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Re: “Cracks in the code

Sandcreek,


Attempting to justify the existence of an institution based on the number of medals of honor its members have received doesn't check.

For one thing, the requirement to earn it "conspicuous gallantry and intrepidity at the risk of his or her life above and beyond the call of duty while engaged in an action against an enemy of the United States" is difficult to achieve from the air. If you look, the vast majority of medals revolve around ground combat/operations. That narrows the number of AFSCs in the AF that have the opportunity (if that is the right word) down significantly. Primarily to AF security forces and special ops. Those two fields make up a minuscule amount of today's AF. Unlike the Army and Marines who's bread and butter is ground combat, AFA grads statistically cannot and will not ever earn as many medals as their sister academies.

Second, if you look at who has received medals in the past it quickly becomes clear that the vast majority have been enlisted. By your criteria we should abolish the officer corps.

However, I would agree that if Academy grads are not measurably better than their ROTC counterparts then the Academy is a waste.

The difficulty is that the people with the ability to do accurate comparisons between commissioning sources won't (how would one anyway? Do you think you can do it via a standardized test?). I would suggest the reason for it is fear, as both programs would be held to a standard, and the antagonism between commissioning sources would increase exponentially.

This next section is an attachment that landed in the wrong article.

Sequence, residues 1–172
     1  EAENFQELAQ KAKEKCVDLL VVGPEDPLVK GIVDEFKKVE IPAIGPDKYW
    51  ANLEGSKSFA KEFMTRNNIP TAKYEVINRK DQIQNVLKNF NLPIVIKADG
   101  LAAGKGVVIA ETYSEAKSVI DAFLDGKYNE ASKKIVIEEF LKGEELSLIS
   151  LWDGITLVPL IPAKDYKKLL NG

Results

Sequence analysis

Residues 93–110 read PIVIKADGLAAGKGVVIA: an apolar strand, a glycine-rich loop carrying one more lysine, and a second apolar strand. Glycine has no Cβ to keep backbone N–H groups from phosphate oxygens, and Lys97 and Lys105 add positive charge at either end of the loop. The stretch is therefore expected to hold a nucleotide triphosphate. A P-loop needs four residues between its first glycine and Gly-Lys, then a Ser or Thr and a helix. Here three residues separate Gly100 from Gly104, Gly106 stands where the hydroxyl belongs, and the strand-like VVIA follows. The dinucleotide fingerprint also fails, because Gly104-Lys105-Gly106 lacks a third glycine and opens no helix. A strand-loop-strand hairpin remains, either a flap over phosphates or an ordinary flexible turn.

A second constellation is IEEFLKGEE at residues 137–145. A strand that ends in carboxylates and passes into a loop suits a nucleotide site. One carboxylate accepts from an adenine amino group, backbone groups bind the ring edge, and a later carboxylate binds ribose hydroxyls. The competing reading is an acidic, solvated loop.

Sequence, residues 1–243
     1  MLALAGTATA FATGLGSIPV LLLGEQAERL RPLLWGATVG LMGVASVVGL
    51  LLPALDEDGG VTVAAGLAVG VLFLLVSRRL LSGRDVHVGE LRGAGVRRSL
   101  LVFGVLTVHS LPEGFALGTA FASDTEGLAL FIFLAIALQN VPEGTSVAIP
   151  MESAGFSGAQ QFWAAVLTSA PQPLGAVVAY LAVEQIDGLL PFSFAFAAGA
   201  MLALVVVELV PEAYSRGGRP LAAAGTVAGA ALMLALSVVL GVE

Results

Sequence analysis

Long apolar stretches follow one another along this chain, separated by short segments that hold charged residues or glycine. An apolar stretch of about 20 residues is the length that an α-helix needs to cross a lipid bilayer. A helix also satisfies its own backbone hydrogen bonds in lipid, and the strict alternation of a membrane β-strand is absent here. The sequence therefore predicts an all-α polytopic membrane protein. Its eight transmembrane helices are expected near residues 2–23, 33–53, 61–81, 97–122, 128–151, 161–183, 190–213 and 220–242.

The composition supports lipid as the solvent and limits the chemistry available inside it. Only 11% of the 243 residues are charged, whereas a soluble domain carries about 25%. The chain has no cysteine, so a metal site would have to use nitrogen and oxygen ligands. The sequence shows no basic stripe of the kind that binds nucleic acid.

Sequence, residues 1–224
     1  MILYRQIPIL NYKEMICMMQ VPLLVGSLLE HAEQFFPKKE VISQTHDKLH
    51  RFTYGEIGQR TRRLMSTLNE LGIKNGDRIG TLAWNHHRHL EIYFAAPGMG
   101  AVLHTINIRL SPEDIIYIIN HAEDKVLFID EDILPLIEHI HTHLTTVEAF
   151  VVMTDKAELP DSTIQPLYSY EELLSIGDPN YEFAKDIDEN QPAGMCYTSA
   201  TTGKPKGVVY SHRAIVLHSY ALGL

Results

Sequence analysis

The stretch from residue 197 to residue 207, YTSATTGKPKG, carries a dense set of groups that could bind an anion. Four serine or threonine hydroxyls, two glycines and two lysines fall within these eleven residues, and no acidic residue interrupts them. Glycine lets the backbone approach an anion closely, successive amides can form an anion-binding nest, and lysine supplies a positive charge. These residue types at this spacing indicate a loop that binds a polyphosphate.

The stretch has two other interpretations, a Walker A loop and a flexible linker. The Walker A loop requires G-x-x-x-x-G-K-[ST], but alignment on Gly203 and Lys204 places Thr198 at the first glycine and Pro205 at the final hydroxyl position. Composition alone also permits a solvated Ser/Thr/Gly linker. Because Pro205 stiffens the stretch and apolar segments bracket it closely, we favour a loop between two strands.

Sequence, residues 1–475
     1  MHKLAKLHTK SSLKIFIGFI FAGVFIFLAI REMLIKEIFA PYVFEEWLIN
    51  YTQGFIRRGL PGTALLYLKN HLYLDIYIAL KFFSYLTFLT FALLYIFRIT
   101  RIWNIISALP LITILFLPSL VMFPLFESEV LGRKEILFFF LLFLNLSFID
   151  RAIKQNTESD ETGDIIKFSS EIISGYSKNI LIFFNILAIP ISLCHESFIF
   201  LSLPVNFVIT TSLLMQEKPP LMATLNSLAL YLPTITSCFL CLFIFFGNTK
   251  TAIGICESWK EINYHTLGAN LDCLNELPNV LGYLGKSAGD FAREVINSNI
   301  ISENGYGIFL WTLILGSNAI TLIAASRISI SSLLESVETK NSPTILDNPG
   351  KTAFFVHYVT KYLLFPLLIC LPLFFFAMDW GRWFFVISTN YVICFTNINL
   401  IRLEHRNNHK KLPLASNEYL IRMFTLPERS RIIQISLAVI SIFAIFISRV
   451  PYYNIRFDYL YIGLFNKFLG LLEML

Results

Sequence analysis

I would also point out that saying the academy is taking funding from medicare/medicaid/etc is as irrelevant as it is ridiculous. You may as well say the Peace Corp, funding for Road maintenance, education, housing, EPA, every other government program is taking funding from those three. Considering the size of the budget the three programs you named make up, perhaps you should consider the effectiveness of of trying to fund failing programs with something as paltry as cutting a military academy.

3 likes, 15 dislikes
Posted by Watcher on 04/13/2012 at 5:27 PM

Re: “Cracks in the code

Its curious that so much emphasize is put on a multiple choice morality test(referring to the DIT). The desired answers were obvious and easy to deduce. The true surprise is that cadets have the integrity to answer honestly.

As for the disparagement of the honor code, has it occurred to anyone to ask why cadets dislike the code? Could it be because the way the code is enforced twists the concept of honor?

But no. No questions. Only accusations and rants. Tragic.

Military academies reflect the societies they defend. Go look in a mirror and ask yourself if you and yours could do better.

On a different note, the author's comment about a ridiculously short institutional memory was dead on.

12 likes, 10 dislikes
Posted by Watcher on 04/12/2012 at 8:53 PM

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